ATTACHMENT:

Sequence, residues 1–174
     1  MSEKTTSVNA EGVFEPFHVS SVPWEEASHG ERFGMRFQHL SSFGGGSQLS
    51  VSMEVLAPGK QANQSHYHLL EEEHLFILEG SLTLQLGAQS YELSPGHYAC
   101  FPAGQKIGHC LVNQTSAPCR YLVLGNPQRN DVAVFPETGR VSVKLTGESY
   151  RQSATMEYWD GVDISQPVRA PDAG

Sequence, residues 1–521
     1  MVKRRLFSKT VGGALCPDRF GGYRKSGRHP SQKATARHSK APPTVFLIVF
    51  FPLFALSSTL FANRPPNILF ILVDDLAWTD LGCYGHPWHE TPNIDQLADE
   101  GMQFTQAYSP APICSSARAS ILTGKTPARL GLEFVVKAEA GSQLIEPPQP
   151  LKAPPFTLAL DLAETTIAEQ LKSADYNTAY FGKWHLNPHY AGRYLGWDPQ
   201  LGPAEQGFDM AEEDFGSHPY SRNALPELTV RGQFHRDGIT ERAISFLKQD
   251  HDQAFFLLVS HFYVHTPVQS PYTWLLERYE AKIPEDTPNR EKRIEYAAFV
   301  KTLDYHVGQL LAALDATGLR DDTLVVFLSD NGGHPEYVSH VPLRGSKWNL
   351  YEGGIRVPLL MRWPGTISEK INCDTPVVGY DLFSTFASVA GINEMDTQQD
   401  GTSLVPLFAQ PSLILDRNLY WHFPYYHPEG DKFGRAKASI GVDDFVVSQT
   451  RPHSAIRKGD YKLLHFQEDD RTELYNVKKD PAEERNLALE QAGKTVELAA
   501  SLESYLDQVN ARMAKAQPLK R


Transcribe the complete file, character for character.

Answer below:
Sequence, residues 1–174
     1  MSEKTTSVNA EGVFEPFHVS SVPWEEASHG ERFGMRFQHL SSFGGGSQLS
    51  VSMEVLAPGK QANQSHYHLL EEEHLFILEG SLTLQLGAQS YELSPGHYAC
   101  FPAGQKIGHC LVNQTSAPCR YLVLGNPQRN DVAVFPETGR VSVKLTGESY
   151  RQSATMEYWD GVDISQPVRA PDAG

Sequence, residues 1–521
     1  MVKRRLFSKT VGGALCPDRF GGYRKSGRHP SQKATARHSK APPTVFLIVF
    51  FPLFALSSTL FANRPPNILF ILVDDLAWTD LGCYGHPWHE TPNIDQLADE
   101  GMQFTQAYSP APICSSARAS ILTGKTPARL GLEFVVKAEA GSQLIEPPQP
   151  LKAPPFTLAL DLAETTIAEQ LKSADYNTAY FGKWHLNPHY AGRYLGWDPQ
   201  LGPAEQGFDM AEEDFGSHPY SRNALPELTV RGQFHRDGIT ERAISFLKQD
   251  HDQAFFLLVS HFYVHTPVQS PYTWLLERYE AKIPEDTPNR EKRIEYAAFV
   301  KTLDYHVGQL LAALDATGLR DDTLVVFLSD NGGHPEYVSH VPLRGSKWNL
   351  YEGGIRVPLL MRWPGTISEK INCDTPVVGY DLFSTFASVA GINEMDTQQD
   401  GTSLVPLFAQ PSLILDRNLY WHFPYYHPEG DKFGRAKASI GVDDFVVSQT
   451  RPHSAIRKGD YKLLHFQEDD RTELYNVKKD PAEERNLALE QAGKTVELAA
   501  SLESYLDQVN ARMAKAQPLK R